The last years of the century. XIX also saw the construction of new technically advanced theaters (in New York there were 43 in 1900, which would become 80 in 1928) and the emergence of some important personalities such as S. MacKaye, inventor of amazing stage devices, D . Belasco, director and playwright who created the kind of realism acceptable to the American public, and C. Frohman, which completed the process of industrialization of the theater, completely eliminating the concept of company (and therefore that of repertoire) to hire actors for a specific comedy, with mainly commercial criteria. The domination of the producers, with the actors used as stars, that is, as a means of making the theatrical product more salable, always in competition with the cinema, remained a characteristic element of American consumer theater, that is of Broadway, in the two great sectors of prose and of musical comedy. The rest of the history of the US scene is the attempts made to break this regime. The most important were: in 1915 the Washington Square Players, from which the Guild Theater was later released, for about thirty years the most artistically and culturally prestigious production organization on Broadway; in 1916 the Provincetown Players, who revealed in E. O’Neill the greatest American playwright and in RE Jones the most brilliant set designer; in the Thirties the numerous groups directed towards a theater of political commitment: the Group Theater (1931-41), which introduced with L. Strasberg, H. Clurman and then E. Kazan a particular version of the Stanislavskian system which became hegemonic in American acting for at least thirty years; the Federal Theater (1935-39), born with government funding in the framework of the fight against unemployment and closed when it was thought that it had exhausted its statutory task and that it risked becoming a tool for the dissemination of subversive ideas. Broadway made the most usable ferments of these initiatives its own and by the 1960s it returned to become synonymous with American theater, exporting its most successful scripts to all the nations of the West.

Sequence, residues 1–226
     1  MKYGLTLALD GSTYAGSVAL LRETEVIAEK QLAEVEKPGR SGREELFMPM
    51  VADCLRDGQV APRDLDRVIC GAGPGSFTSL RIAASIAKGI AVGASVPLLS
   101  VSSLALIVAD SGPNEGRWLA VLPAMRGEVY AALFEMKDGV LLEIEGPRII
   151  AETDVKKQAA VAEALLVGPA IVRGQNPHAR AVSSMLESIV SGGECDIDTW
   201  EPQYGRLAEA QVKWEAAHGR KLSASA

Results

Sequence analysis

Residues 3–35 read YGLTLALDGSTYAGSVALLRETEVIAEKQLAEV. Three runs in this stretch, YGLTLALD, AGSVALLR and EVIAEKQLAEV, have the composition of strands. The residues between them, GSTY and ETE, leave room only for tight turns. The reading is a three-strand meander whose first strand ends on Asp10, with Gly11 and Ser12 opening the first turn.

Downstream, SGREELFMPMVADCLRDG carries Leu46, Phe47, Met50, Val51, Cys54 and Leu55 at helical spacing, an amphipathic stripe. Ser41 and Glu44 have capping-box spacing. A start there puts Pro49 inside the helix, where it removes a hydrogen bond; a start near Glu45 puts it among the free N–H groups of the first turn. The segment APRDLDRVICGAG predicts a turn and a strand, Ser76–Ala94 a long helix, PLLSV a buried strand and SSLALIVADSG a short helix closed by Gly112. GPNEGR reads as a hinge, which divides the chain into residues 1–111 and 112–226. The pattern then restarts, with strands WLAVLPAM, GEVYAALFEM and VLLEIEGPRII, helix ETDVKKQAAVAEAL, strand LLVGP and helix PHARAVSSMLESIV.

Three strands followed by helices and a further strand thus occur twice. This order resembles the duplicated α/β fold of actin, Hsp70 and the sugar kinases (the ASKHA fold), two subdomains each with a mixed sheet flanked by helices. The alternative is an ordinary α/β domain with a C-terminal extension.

The reaction came first with the off-Broadway movement, which stood out from the commercial theater for greater daring in choices and for the space offered to new talent, then with the off-off-Broadway movement. which radically contested the prevailing conception of the theater by proposing substantially subversive performances, both in a political sense and on an aesthetic level, and finding its seats in places that were not necessarily theatrical if not even in the streets. Other important phenomena of the same period are the multiplication of autonomous theatrical initiatives outside New York, with even conspicuous contributions from the municipalities; and the attempts, generally subsidized by some foundation, to react to the logic of Broadway by establishing theaters, even in New York, which, by choice of repertoires and level of staging, did not seek their raison d’être in the achievement of a profit. All this has led to a completely new situation: Broadway has ceased to be a breeding ground for new texts and new authors to become a sounding board for works launched elsewhere, in the theaters of the New York suburbs, in the municipal halls of other cities in the United States and even in England. And more and more space have musical performances, no longer fragile comedies interspersed with songs, but complex theatrical events where dance plays a major role. In the last years of the century. XX confirmed the trend of a passage from a monocentric situation of the theater to a kind of polycentrism. Among the most appreciated authors, we find SL Parks, who offers the public reflections on the themes of racism and sexism, M. Cho and S. Jones who, through the technique of freestyle, has combined hip-hop with theater.